Early in my career I witnessed what I deemed to be travesties of justice as my colleagues were promoted ahead of me. So focused on how seemingly unfair these outcomes were, never once did I consider my own contribution to my lack of success. After many years, however, I got my senses around how to effectively position myself for promotion.

As a CEO, you might expect me to say that performance is everything, but there are some other factors that matter even more. You may not agree with my advice below, but it worked for me:

1. Look outside, not in
It is really important to spend time observing external environments that ultimately will affect your organisation’s future. Study trends, commentaries, and any other information that sends relevant signals about what is occurring in your sector. Begin to socialize these topics with operational and senior colleagues. Become known as the person who is wired in to what is going on in the market place.

2. Be the connector
Work on building relationships by involving yourself with voluntary and other groups relevant to your business. Identify individuals who may add value to your colleagues’ or your bosses’ business objectives. Introduce them to each other and leave them to determine a potential way forward together. Being an unselfish connector with an eye for market intelligence is an excellent habit to build early in your career. This will no doubt enhance your relevance, relationships and opportunities.

3. Work for respect, not popularity
In the short term, promotions come and go – in the long game, respect builds a positive career trajectory. To build sustainable respect with your leaders, exhibit the capacity to look for solutions when others may have given up. Being the positive voice when difficult issues arise will set you apart in the minds of your colleagues, and leave the clear impression that you can be relied upon in difficult or complex circumstances. Consistent and positive body language, along with a constructive attitude, will always provide long-term rewards.

4. Avoid being typecast
Too many people allow themselves to believe that they are no longer relevant in the job market, normally because they have spent too much time in one role or with one employer. You must periodically test your employment relevance by mapping your skills against advertised roles, sometimes applying for different jobs, or having conversations with recruitment firms. This keeps you attuned to your own professional growth, or otherwise, and informs you for a better conversation at performance review or promotional opportunity times. It is a lot easier to build your case for promotion when you have an objective sense of your value in the market. It also serves as an alert to your employer that you have ambition and you are marking yourself to market.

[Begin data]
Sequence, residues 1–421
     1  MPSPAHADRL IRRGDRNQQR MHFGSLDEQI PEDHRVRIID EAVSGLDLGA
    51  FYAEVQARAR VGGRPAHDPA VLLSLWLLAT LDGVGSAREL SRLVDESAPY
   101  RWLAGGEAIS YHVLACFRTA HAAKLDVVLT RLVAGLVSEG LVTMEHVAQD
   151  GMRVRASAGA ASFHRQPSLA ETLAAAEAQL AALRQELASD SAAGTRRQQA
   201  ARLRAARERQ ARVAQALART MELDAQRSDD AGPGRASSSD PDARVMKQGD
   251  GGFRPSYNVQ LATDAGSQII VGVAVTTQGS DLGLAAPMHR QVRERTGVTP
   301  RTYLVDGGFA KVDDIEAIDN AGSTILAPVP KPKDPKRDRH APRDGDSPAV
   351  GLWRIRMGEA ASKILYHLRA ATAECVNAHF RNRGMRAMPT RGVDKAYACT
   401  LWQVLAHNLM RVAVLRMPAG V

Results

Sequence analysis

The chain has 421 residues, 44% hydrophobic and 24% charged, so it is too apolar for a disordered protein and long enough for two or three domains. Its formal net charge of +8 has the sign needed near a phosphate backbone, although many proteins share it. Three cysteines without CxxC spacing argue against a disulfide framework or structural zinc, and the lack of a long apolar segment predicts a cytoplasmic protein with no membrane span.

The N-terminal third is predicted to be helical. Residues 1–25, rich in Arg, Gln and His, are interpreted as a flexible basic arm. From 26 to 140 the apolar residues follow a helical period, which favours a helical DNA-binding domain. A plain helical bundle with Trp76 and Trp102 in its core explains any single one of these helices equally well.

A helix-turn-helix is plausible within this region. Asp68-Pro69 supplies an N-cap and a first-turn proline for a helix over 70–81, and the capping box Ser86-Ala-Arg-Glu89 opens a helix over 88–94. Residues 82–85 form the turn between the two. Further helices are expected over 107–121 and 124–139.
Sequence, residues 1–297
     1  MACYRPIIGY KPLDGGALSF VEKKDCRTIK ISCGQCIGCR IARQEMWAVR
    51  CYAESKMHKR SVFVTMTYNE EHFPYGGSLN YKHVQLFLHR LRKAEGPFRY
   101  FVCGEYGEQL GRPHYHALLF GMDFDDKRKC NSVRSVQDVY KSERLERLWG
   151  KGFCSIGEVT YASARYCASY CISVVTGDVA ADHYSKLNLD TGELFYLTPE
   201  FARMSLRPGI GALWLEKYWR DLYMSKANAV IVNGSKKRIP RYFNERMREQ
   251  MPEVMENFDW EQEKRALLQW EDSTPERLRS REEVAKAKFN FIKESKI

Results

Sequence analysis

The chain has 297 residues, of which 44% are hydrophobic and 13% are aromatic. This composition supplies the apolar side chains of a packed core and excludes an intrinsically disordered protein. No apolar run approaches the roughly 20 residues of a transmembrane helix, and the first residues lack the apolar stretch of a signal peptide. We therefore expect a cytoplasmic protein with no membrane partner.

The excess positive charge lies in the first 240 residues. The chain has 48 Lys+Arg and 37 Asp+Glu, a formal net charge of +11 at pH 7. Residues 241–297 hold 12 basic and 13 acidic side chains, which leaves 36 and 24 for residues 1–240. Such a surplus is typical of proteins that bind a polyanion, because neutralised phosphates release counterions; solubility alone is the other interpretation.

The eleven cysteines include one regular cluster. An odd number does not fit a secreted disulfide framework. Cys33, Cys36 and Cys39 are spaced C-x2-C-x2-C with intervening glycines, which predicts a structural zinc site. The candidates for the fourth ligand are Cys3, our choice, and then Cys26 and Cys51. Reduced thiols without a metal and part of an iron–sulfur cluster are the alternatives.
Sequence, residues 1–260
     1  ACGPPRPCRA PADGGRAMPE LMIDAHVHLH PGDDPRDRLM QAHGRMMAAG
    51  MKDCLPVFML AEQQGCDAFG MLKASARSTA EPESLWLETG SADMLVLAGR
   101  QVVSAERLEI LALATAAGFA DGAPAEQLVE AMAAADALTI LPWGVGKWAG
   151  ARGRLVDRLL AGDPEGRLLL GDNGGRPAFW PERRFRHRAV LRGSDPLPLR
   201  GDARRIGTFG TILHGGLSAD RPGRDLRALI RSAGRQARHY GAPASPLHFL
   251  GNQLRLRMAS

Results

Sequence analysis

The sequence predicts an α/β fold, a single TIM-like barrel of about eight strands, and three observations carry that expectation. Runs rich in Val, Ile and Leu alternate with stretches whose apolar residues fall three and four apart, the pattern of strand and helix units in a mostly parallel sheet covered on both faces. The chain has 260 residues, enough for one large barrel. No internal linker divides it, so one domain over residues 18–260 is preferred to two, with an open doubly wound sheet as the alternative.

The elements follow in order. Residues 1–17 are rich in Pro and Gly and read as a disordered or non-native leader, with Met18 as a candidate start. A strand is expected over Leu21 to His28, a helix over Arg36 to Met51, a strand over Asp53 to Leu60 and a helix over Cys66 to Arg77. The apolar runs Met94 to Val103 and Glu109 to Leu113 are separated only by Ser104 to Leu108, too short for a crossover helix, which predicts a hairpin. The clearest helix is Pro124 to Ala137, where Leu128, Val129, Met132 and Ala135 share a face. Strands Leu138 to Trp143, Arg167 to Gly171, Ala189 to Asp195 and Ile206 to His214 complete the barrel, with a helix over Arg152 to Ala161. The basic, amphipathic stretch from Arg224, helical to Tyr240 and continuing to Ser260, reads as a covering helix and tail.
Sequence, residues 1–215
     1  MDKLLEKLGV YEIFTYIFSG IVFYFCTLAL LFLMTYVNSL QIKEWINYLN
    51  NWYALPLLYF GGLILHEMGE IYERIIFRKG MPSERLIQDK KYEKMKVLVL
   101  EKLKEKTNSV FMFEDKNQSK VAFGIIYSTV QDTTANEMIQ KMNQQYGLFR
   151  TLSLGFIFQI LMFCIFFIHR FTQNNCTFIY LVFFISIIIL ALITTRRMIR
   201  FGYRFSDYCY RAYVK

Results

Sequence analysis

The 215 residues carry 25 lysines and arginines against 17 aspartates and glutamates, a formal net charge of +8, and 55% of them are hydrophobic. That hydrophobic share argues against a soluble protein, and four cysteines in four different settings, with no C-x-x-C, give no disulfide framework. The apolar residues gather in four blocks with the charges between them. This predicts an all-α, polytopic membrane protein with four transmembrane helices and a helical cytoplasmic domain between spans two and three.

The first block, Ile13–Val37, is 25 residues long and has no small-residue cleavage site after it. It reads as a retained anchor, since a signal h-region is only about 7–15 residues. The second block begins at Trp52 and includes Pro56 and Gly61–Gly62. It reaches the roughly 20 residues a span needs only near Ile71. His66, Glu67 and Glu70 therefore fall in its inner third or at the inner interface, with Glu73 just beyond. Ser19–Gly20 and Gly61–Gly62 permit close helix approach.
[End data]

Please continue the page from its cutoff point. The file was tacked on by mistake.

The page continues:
5. Always be gracious
No matter how important your role is to you, it is not who you are. This is a simple reality that took me a long time to learn. The world of business is not always fair; your reaction to defeat is often the best test of character known to your leaders. Be the first to congratulate someone who beat you to a role and thank the respective leader for the opportunity to have been considered. Not only is this, in my view, the right human reaction, but I can almost guarantee you it will work for you in some strange way into the future - remember your reputation will be with that employer forever. Having responded appropriately, now is the time to calmly reflect on whether you now consider your promotional opportunities are more likely internally, or somewhere else. Carefully listen to your instinct on this.

Apply these five principles of the long game and sooner or later that promotion will likely come, within or outside the business you currently work for. Business, like life, is all about learning more about yourself. In so doing, you will identify how you can make a valued contribution to your environment and stand out in the process.

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Alex Malley FCPA is the chief executive of CPA Australia and the host of the Nine Network television series The Bottom Line. Alex is also a regular contributor to The Huffington Postand he is a regular business commentator on the nationally syndicated programs The Money News on 2GB and Sky News Business.

Alex's first book, The Naked CEO: The truth you need to build a big life will be available from 1 November 2014.

Follow Alex on Twitter

 



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